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US Treasury Secretary Says Confidence Returning to Credit Markets

U.S. Treasury Secretary Timothy Geithner has defended the Obama administration's program to rescue financially troubled banks. Secretary Geithner spoke before a congressional panel overseeing the massive bailout.

It was Treasury Secretary Timothy Geithner's first appearance before the Congressional Oversight Panel, which was established as part of the $700 billion Troubled Asset Relief Program approved by Congress at the height of the global financial crisis last October.

Geithner told the panel there appears to be signs of confidence returning to credit markets:

"Indicators on inter-bank lending [on corporate issuance] and credit [spread] suggest some improvement in confidence in both the stability of the system and some thawing in credit markets over the last several weeks and months," he said.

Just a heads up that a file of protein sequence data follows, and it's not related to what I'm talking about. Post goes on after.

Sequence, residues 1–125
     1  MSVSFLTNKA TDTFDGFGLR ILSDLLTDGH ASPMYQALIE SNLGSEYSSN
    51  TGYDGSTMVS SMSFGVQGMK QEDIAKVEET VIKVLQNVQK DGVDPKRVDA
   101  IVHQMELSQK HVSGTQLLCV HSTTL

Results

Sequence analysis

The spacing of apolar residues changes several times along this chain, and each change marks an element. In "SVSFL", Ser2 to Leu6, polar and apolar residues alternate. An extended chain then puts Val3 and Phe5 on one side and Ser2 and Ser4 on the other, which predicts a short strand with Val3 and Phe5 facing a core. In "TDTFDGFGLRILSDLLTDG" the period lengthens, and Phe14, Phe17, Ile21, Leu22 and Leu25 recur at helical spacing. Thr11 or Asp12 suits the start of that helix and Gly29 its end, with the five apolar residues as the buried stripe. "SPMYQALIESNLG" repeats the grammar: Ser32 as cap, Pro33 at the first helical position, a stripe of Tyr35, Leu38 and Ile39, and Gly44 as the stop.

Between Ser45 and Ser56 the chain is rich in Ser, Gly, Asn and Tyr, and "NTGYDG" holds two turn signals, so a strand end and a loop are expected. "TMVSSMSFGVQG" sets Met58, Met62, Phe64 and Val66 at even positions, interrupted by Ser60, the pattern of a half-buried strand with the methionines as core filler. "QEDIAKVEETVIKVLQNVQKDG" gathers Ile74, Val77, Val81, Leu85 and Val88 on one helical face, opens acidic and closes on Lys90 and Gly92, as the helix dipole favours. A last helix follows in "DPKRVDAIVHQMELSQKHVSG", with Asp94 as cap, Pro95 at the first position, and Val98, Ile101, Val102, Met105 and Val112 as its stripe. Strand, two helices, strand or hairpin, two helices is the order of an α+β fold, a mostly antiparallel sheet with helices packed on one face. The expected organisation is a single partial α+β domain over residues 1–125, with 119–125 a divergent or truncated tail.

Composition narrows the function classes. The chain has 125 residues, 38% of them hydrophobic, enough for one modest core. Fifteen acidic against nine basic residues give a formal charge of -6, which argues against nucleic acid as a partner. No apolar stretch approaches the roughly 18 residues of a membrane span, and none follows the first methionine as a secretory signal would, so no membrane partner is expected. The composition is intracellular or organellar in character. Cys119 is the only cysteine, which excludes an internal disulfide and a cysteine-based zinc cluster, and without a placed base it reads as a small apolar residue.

But he added a cautionary note.

"It is important to note that evaluating the impact of these programs is difficult because it is impossible to judge how the financial markets, how banks would have operated in the absence of these actions," he said.

Although confidence in credit markets appears to be rising, Geithner said the cost of credit remains too high. He said reports on bank lending show significant declines in consumer loans, including credit card loans, and commercial and industrial loans.

His testimony comes as an inspector general for the bailout released a report to Congress that concludes the Treasury Department is not doing enough to adequately oversee the program, which uses public and private funds. Inspector General Neil Barofsky expressed concern about the potential for fraud, and called on banks receiving bailout funds to report on their use of taxpayer funds.

It is a point underscored by the panel's chairwoman, Harvard Law School Professor Elizabeth Warren.

"In a crisis, transparency, accountability, and a coherent plan with clear goals are essential to maintain the confidence of the public and capital markets," she said.

Geithner agreed on the importance of oversight and accountability, and he pledged to provide the panel with the information it needs.

Inspector General Barofsky is to testify before Congress on Thursday.